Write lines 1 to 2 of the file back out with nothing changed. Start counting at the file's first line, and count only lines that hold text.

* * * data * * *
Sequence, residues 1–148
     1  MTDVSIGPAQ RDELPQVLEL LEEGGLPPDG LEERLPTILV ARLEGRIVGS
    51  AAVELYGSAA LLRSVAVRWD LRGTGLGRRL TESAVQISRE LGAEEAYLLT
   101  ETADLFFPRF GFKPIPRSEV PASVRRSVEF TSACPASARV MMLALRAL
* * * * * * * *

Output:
Sequence, residues 1–148
     1  MTDVSIGPAQ RDELPQVLEL LEEGGLPPDG LEERLPTILV ARLEGRIVGS